Please use this identifier to cite or link to this item: http://scholarbank.nus.edu.sg/handle/10635/145328
Title: Criticisms of Patriarchy and Consumerism in Josei Manga: Examining the Genre Shaping Works of Okazaki Kyoko and Anno Moyoco
Authors: JOAN QUAH MEI YIN
Keywords: Manga, josei, shōjo, consumption, post-feminism, patriarchy, capitalism, consumerism, protagonist, passivity, body, realism, neo-liberalism 
Issue Date: 17-Apr-2018
Citation: JOAN QUAH MEI YIN (2018-04-17). Criticisms of Patriarchy and Consumerism in Josei Manga: Examining the Genre Shaping Works of Okazaki Kyoko and Anno Moyoco. ScholarBank@NUS Repository.
Abstract: This paper argues that representative josei manga (manga for women) of the 90’s subvert the conventions of shōjo manga of the 70’s and 80’s through consumerist and marginal depictions of the shōjo protagonist. This results in a more realistic and critical depiction of the Japanese society in the 90’s in josei manga. To argue for the above, this paper first outlines the origin and history of josei manga by highlighting its departure from shōjo manga. The change in demographics represents its departure, from a more teenage audience to an older audience of young women. The departure is also depicted through plot divergence from the heterosexual romance of shōjo manga that has the same structure as Cinderella/Prince Charming stories from Disney. Subverting the idealization in shōjo manga, josei manga seeks to explore “real” love in the context of reality instead. To substantiate this point, the paper discusses the love trap and happy endings, both essential narrative conventions of shōjo manga. Its treatment in josei manga is explored through three representative josei manga, Helter Skelter and Pink by Okazaki Kyōko and In These Clothes Called Fat by Anno Moyoco. The themes of consumption, love, passivity, visual realism are explored in these texts to reflect both the subversion of shōjo manga and the problematic power relations in the patriarchal landscape of the 80s. Lastly, the criticism of the concept of “girl power” in post-feminism through these representative josei manga is analysed to reflect the consequences of these works in the global context of cultural feminism. Ultimately, this paper depicts the criticisms of capitalism and patriarchy in josei manga and its intent to subvert shojo manga conventions and present a social critique of the capitalist society in Japan.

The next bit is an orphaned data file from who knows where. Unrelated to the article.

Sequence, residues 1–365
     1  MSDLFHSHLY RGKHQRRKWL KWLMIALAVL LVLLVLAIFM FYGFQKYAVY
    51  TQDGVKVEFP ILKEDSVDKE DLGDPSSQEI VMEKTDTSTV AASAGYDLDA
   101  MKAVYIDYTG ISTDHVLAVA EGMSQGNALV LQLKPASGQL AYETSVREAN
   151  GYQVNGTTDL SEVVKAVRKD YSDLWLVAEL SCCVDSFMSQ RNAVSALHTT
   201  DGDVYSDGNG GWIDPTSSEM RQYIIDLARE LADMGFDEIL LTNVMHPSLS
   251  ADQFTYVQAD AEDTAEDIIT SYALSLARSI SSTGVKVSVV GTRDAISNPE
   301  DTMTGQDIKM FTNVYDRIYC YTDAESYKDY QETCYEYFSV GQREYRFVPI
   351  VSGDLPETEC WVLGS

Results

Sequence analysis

URI: http://scholarbank.nus.edu.sg/handle/10635/145328
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